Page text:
Astrology deals with the observation of celestial phenomena for the purpose of explaining past, present, and future events on Earth. It is based on the assumption that the movement of the celestial bodies has an influence on the sublunar world and that this influence can be observed and used for prognostication. Such prognostications might be used for private purposes. In the context of politics in Islam, they have helped in decision making and have been an important tool for propaganda.
The science of astronomy and astrology was highly developed in the medieval Islamic world. Astronomers, including Jews, Christians, and Muslims, drew extensively on the scientific traditions of both the Greeks and the Indians but made significant advances to the practice, including correcting the Ptolemaic model of the planet’s orbits or proposing heliocentric models of the solar system. Major observatories were built in Baghdad, Maragha, Samarqand, Istanbul, and Jaipur, and extensive programs of astronomical observations were carried out and recorded in tabulations. The use of astronomy to determine the correct direction of prayer (qibla) and precise prayer times for different geographical regions caused it to gain acceptance with religious scholars, too.
Astronomy proper usually was not sharply distinguished from astrology. One of the main employment opportunities for the scientists who investigated the heavens was as astrological advisors to rulers, charged with predicting the outcomes of important decisions and determining propitious times for important undertakings. Astrological predictions were generally disapproved by Sunni scholars, while the Shi‘i position toward astrology was more favorable.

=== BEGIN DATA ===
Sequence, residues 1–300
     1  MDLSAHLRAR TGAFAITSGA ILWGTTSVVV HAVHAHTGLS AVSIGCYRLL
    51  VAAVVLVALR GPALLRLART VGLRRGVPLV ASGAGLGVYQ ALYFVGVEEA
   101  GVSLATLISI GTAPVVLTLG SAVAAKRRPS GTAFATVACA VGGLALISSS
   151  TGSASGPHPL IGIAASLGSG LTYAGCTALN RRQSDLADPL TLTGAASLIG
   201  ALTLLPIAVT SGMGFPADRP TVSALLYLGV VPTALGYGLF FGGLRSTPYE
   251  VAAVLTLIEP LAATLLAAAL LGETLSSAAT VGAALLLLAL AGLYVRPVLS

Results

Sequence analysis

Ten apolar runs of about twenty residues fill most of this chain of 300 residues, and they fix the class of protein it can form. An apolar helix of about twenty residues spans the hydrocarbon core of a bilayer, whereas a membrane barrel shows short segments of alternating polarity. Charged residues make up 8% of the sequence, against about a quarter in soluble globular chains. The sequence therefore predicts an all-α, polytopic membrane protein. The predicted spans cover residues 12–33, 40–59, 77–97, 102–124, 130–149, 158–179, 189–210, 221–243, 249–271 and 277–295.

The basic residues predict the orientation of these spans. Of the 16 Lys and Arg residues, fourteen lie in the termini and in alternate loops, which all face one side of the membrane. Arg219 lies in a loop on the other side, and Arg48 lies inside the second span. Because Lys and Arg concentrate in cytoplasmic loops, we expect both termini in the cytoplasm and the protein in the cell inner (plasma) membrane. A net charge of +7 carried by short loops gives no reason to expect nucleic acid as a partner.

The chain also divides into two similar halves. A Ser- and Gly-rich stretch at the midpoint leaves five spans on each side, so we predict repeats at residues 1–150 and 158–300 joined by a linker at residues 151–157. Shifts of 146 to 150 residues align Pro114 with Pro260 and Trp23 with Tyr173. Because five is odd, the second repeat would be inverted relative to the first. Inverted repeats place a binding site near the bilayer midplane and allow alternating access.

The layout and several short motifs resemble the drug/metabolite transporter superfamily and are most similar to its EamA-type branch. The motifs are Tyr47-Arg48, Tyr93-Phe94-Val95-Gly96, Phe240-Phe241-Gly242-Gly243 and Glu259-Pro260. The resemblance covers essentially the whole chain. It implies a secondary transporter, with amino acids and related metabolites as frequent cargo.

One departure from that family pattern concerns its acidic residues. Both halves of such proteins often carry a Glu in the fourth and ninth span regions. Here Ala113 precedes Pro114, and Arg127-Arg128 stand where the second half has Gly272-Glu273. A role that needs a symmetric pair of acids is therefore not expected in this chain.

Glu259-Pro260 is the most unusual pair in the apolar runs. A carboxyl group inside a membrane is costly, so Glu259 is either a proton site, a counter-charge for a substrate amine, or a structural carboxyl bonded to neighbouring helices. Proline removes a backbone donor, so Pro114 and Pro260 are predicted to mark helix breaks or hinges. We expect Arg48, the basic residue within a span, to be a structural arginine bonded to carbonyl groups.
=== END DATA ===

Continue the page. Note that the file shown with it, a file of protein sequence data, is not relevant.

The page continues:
Astrology is divided into two main branches: individual astrology and mundane astrology. Individual astrology deals with the fate of a single person, while mundane astrology focuses on the fate of the entire world, or at least the fate of a region or town. Changes of rulers and dynasties also fit under the rubric of mundane astrology. Individual astrology includes nativities, interrogations, and elections. Nativities are horoscopes cast at the moment of birth that are used to predict general aspects of a newborn’s life. These predictions might be refined every year by birthday horoscopes. Astrologers also answer specific questions of their clients (interrogations/masā’il) regarding, for example, the fate of a missing husband or the whereabouts of a runaway slave. Katarchai (elections/ikhtiyārāt) serve to determine the best timing for undertaking or beginning such actions as marriage or travel. All three types of horoscopes were used not only by ordinary men but also by officials and rulers. Thousands of birth horoscopes for princes have been cast in the history of the Islamic world. Some of these horoscopes were collected in a kind of family album, while others constitute entire books, sometimes lavishly produced, with up to more than 350 pages. The birth horoscope of Iskandar Sultan, a Timurid ruler of Shiraz, even contains a circular miniature showing the zodiac and the planets at the moment of his birth. Such extensive birth horoscopes usually predict the future importance and glory of the prince. They were presumably produced long after the fact, following the accession of the prince in question. This was certainly the case not only with the birth horoscope of Iskandar Sultan but also with the four different birth horoscopes of the Mughal emperor Akbar the Great (r. 1556–1605) given in the Akbarnama. Predicting his religious and political reforms, they were completed only after the implementation of his reform program and therefore clearly served propagandistic aims.